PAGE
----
Israel opens elections early due to alleged corruption


Due in large part to criminal allegations of corruption against current Israeli Prime Minister Benjamin Netanyahu, Israelis will go to the polls on April 9 to elect a new Knesset, the national legislature of Israel.

Based on early opinion polls, Haaretz reported the Likud Party may take a majority of the 120 parliamentary seats, in which case Netanyahu will serve a fifth term in office. However, the recent decision by Attorney General Avichai Mandelblit to indict Netanyahu on the charges mid-campaign have thrown a wrench in the outcome.

Why the early elections?

Israel’s general elections should be held in the month of Heshvan, which sits somewhere between the months of late September and early November in the Gregorian calendar. However, due to the recent political turbulence, Netanyahu dissolved the Knesset in December 2018 while calling for early elections.

Political disputes became apparent in November when the now former Defense Minister Avigdor Liberman resigned from his post due to disagreement over Netanyahu’s decision to sign a truce with Hamas. Subsequently, Liberman’s party Yisrael Beiteinu left its coalition with Netanyahu’s Likud, leaving the ruling party with only a slight majority in the Knesset.

Additionally, the prosecution recommended indictment in mid-December of two of three cases brought by the police: Case 2000 and Case 4000.

According to The Economist, police have been investigating Netanyahu and his wife Sara—who is already on trial—for bribery, fraud and breach of trust since 2016. Case 2000 alleges Netanyahu influenced a newspaper to have more favorable coverage of himself in exchange for curbing the outlet’s competitor. Case 4000 alleges Netanyahu intervened in telecom giant Bezeq in order to have more favorable coverage as well. An additional case, Case 1000, alleges Netanyahu received illegal gifts in various forms such as champagne, Cuban cigars and jewelry, with the total worth equivalent to over $270,000.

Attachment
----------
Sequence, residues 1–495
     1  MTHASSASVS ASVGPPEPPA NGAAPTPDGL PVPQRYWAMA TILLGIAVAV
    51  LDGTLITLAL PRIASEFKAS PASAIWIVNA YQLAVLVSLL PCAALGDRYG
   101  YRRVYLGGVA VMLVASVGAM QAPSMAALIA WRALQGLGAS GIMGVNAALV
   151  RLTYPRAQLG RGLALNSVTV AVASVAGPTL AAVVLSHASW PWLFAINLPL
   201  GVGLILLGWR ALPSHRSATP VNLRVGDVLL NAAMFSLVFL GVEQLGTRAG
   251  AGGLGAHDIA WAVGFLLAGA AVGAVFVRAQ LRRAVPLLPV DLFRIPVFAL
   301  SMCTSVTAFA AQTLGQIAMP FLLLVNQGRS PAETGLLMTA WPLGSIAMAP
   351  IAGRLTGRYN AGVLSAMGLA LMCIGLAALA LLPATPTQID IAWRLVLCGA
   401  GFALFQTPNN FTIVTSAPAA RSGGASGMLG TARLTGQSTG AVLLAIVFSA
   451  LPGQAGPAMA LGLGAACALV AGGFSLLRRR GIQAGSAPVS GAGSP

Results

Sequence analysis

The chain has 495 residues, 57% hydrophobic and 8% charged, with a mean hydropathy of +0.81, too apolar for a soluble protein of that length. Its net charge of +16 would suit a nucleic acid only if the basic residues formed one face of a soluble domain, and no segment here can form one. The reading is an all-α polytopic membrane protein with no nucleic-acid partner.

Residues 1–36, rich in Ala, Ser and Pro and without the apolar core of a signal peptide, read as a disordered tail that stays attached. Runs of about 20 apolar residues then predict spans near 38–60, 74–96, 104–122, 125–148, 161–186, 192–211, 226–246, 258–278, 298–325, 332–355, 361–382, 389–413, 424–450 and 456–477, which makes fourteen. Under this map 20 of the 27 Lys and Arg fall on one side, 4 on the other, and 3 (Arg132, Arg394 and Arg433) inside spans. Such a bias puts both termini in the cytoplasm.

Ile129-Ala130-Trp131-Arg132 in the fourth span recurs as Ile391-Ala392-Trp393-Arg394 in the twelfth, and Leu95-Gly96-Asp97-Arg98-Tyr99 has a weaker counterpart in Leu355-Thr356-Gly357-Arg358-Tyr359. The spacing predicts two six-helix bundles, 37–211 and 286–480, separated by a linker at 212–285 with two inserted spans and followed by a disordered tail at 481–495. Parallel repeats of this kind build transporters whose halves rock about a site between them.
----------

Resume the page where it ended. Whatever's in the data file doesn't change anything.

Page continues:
Which parties are running?

The 2019 elections are seeing a number of new parties vying for seats in the Knesset, as well as smaller parties creating coalitions in order to fulfill the necessary thresholds. New parties include the green Zionist Hosen Y’Israel, liberal Telem, welfare reform Gesher and the right-wing Hayamin Hehadesh.

Ultra-Orthodox parties include Shas and the United Torah Judaism, while returning parties of the right-wing include Yisrael Beiteinu and Habayit Hayehudi. Israel’s original party, the Labor Party, is socialist democratic, as is the green party Meretz, with the center-left including the parties Kulanu and Yesh Atid.

While the party Ra’am-Balad, one of two main Arab parties which represents Israel’s approximately 20 percent Arab population, won seats in the most recent Knesset, they will not appear in the 2019 elections after Israel banned them from running. Conversely, the Central Elections Committee voted on March 6 to allow the party Otzma Yehudit—who are widely regarded as an extremist group—to run.